Use a plant mister to finely mist the curtain fabric. This is an important part of dewrinkling all the sections of the curtains from top to bottom. Smooth out the fabric with your hands but avoid tugging at it heavily. You’ll be surprised how just a little spritz of water to moisten the fabric will help dewrinkle your curtain. Tap water will work fine for such purposes, but if you have hard water, consider using bottled water in order to prevent fading or discoloration.

Some irons come with a spray bottle so it’s very handy to spot treat creased curtains whilst ironing. Tip: sometimes you don’t need to use any special sprayers to relax the wrinkles. Just a quick warm water spritz using your wet fingers will suffice, depending on how creased your curtains are. If they are slightly wrinkled, tug the bottom hem to straighten out the fabric. For heavily wrinkled curtains, however, use clothing sprays or take the fabric to the professional drapery installers. You may also buy a small hand-held clothing steamer. These devices heat up within 2 minutes or less and can be purchased from large retailers.

Iron one Section at a Time

Run the steam iron or steamer from top to bottom of one section after you’ve sprayed it with warm water or dewrinkling spray. When you finish with one section, move on to the next, but remember to only iron one section at a time whilst the curtain is hanging on the rod.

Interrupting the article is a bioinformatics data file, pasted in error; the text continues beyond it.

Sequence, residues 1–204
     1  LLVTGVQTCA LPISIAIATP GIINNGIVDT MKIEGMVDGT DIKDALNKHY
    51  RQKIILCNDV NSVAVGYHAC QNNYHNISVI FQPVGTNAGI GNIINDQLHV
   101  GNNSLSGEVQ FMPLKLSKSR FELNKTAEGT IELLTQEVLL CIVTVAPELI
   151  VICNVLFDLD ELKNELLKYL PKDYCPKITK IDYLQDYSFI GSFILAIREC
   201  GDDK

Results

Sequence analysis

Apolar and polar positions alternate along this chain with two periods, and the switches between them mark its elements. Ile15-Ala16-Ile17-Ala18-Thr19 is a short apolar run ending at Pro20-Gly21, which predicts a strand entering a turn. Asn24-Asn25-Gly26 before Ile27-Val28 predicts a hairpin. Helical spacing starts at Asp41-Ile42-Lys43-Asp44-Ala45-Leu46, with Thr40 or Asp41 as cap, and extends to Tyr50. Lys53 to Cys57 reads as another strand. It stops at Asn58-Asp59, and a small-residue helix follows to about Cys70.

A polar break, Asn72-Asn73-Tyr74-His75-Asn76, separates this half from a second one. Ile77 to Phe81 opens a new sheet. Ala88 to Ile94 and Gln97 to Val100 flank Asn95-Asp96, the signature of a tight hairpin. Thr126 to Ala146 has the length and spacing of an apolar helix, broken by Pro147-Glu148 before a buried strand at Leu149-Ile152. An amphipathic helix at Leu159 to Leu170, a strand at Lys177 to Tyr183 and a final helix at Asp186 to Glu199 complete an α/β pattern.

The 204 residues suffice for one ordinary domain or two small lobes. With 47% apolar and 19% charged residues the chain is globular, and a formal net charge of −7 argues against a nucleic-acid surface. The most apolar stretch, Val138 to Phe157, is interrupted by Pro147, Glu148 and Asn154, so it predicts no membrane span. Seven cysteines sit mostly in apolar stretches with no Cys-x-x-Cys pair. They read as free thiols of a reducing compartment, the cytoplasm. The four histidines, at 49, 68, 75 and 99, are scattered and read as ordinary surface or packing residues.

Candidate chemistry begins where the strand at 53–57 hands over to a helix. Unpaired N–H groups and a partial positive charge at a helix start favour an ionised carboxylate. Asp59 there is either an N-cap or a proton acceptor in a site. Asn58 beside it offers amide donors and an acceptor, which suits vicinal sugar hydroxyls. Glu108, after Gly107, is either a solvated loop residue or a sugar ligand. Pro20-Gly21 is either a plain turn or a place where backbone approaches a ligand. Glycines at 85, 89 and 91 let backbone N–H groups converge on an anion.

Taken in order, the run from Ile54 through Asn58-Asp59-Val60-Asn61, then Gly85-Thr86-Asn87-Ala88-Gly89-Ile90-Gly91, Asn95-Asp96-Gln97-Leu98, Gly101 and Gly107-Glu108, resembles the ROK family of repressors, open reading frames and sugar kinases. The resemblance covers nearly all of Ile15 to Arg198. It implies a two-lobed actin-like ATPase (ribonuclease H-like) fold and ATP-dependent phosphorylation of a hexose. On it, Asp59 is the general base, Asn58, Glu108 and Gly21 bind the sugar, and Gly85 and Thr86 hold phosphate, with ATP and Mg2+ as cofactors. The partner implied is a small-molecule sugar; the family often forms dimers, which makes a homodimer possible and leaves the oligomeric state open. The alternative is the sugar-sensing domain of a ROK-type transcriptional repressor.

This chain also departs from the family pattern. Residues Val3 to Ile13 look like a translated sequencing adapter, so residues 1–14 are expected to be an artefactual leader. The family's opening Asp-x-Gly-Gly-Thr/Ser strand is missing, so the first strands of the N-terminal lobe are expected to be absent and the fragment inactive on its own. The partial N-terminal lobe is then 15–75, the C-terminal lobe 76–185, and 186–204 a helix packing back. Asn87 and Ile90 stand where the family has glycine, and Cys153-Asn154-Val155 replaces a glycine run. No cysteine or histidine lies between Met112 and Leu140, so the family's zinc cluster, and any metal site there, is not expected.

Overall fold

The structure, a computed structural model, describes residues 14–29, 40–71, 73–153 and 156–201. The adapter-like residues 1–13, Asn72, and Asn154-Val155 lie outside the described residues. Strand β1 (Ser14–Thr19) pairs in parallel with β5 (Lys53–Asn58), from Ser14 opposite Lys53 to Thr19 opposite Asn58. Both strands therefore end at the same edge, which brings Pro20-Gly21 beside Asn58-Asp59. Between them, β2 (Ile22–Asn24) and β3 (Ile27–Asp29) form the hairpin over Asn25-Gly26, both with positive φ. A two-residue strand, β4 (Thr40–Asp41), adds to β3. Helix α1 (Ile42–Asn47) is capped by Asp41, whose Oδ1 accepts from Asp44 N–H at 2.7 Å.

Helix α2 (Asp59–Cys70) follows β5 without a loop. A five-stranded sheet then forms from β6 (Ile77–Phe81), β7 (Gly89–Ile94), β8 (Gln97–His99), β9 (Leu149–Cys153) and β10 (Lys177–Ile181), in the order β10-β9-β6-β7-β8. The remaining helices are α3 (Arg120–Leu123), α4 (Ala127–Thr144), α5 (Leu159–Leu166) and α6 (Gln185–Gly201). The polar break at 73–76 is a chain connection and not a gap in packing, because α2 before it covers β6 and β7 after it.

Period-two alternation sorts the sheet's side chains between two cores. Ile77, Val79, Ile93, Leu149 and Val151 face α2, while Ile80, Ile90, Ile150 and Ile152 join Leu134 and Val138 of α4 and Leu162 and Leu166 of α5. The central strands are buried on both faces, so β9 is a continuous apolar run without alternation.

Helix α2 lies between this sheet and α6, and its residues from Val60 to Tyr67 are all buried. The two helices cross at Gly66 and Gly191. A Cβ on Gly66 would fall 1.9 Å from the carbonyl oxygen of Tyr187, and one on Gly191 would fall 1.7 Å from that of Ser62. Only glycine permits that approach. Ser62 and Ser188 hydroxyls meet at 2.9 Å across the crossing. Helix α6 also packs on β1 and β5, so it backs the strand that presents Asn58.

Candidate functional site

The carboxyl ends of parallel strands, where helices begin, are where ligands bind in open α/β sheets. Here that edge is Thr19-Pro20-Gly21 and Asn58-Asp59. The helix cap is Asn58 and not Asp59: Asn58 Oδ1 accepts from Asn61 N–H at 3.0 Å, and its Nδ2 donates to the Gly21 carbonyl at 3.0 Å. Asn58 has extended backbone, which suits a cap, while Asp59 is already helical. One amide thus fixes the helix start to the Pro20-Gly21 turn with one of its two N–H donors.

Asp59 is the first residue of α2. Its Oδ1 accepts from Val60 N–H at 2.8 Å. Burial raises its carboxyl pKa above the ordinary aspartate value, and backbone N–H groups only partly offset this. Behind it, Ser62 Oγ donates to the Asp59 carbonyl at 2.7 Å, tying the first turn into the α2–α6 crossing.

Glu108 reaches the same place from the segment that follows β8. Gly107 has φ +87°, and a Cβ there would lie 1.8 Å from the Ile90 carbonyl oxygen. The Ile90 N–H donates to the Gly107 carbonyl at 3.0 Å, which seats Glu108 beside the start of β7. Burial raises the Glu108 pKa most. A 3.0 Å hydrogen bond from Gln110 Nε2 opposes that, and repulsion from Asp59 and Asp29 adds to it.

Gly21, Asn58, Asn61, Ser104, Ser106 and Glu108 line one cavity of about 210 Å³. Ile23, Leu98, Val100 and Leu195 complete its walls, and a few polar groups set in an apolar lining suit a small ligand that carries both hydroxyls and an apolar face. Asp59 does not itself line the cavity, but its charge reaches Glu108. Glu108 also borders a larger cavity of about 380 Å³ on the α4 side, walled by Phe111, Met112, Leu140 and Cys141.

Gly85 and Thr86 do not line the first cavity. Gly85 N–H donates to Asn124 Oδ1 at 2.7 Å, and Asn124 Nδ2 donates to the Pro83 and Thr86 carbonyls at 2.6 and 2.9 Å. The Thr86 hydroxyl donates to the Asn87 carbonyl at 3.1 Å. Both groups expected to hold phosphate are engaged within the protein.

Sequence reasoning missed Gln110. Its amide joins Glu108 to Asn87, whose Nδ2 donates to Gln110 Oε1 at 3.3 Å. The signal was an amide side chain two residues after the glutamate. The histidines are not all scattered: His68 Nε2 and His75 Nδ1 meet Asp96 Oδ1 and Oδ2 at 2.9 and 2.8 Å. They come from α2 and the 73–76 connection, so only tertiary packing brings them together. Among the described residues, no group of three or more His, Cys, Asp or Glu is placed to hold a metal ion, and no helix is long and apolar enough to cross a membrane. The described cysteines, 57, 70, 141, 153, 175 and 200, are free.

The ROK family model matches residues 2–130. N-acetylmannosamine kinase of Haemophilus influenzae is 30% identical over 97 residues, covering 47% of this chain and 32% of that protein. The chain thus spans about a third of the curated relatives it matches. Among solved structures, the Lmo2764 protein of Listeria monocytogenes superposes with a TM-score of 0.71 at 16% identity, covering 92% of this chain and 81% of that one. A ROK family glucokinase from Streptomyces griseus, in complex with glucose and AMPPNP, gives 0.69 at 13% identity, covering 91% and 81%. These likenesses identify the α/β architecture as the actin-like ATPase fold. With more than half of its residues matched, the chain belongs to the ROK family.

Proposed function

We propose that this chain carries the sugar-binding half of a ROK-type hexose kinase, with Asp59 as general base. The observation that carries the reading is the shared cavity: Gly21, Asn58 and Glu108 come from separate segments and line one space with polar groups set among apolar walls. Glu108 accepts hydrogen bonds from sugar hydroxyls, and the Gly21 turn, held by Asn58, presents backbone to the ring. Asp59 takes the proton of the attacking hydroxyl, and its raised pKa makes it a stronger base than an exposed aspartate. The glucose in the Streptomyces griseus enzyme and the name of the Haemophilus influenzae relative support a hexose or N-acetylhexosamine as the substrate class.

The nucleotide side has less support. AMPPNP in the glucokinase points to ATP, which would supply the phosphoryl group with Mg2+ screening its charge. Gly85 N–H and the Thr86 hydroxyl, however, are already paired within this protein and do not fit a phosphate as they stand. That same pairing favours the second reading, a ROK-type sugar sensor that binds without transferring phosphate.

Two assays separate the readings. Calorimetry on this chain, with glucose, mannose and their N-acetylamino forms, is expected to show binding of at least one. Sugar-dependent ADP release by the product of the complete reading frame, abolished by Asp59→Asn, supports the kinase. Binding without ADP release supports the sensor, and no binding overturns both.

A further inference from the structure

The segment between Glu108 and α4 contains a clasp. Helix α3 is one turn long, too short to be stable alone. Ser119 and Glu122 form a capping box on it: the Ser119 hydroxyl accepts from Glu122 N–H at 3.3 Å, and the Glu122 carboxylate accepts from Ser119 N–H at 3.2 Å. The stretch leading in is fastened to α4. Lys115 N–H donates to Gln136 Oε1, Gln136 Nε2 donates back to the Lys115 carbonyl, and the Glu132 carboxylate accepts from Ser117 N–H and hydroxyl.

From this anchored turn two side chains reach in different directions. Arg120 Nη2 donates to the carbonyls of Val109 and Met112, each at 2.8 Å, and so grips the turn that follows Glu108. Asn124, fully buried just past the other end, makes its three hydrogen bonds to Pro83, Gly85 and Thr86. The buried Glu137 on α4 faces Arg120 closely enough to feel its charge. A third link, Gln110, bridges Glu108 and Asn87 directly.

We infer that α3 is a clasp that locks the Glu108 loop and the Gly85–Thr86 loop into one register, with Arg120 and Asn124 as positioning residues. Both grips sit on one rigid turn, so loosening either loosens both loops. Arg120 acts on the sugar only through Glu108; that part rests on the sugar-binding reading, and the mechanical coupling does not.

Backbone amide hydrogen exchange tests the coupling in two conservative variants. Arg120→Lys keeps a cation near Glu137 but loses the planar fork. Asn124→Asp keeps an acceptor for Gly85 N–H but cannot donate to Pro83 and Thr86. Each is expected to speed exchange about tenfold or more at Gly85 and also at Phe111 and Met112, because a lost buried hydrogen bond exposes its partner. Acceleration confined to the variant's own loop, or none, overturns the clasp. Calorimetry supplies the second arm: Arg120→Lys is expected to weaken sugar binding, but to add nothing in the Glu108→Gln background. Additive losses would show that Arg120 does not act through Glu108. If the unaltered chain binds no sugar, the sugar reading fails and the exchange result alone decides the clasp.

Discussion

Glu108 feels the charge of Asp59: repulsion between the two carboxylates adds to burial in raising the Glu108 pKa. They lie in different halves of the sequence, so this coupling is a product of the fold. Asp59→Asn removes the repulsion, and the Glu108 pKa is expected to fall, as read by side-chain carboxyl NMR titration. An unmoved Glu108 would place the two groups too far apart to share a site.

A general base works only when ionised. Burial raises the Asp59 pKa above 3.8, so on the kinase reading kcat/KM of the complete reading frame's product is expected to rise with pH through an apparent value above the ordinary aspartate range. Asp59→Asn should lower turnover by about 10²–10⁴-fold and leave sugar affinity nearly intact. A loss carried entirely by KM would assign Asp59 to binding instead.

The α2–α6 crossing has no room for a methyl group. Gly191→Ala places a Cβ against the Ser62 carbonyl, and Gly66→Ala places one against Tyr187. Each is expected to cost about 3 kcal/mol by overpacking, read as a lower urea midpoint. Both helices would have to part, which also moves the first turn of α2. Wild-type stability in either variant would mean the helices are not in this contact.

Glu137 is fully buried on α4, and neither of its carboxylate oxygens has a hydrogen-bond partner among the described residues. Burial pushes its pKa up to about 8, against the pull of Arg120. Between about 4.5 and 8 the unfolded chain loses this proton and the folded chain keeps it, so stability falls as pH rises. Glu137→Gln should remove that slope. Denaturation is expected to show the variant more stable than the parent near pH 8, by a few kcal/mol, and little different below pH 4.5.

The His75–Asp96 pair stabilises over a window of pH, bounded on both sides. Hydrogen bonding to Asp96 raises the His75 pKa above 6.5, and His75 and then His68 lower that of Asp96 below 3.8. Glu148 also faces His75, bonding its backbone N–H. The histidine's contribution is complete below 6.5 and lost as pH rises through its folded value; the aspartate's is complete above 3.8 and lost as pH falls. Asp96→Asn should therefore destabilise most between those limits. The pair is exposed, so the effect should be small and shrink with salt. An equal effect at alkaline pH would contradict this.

How to Iron Delicate Curtains

How to Iron Delicate Curtains

Take a look at your curtain fabric carefully to see if it’s made of delicate material. Embellished fabrics can easily get damaged from the high heat of an iron. This is especially true with silk or satin curtains. These kinds of fabric curtains are fragile and susceptible to damage under high heat. When ironing such fabrics, always spray them with water first.

To protect your delicate fabric curtain, place a sheet or pillowcase in between the iron and the curtain during the ironing process. For extreme creases, spray the fabric before putting your pillowcase or sheet in place. You can then iron the delicate curtain. This will ensure your embellished or delicate curtain won’t get damaged under direct heat.

Pleated curtains can also be ironed successfully to make them more pronounced. This can be done by gathering the pleats together before ironing them according to the fabric’s specific design. Ironing your pleated curtain this way will ensure the pleat remains sharply defined and crisper.

How Often Should You Iron Your Curtains?

Ironing your curtains is only necessary if you notice deep wrinkles in the fabric, otherwise you won’t need to iron them at all. Sheer curtains, for example, don’t require ironing as they hardly ever wrinkle. However, if you notice deep creases formed in your curtains, it makes sense to iron them while hanging on the rod. To keep your curtains crips and wrinkle free, it is best to iron them once every 6 months or so. For delicate fabrics, you only need to iron them once a year.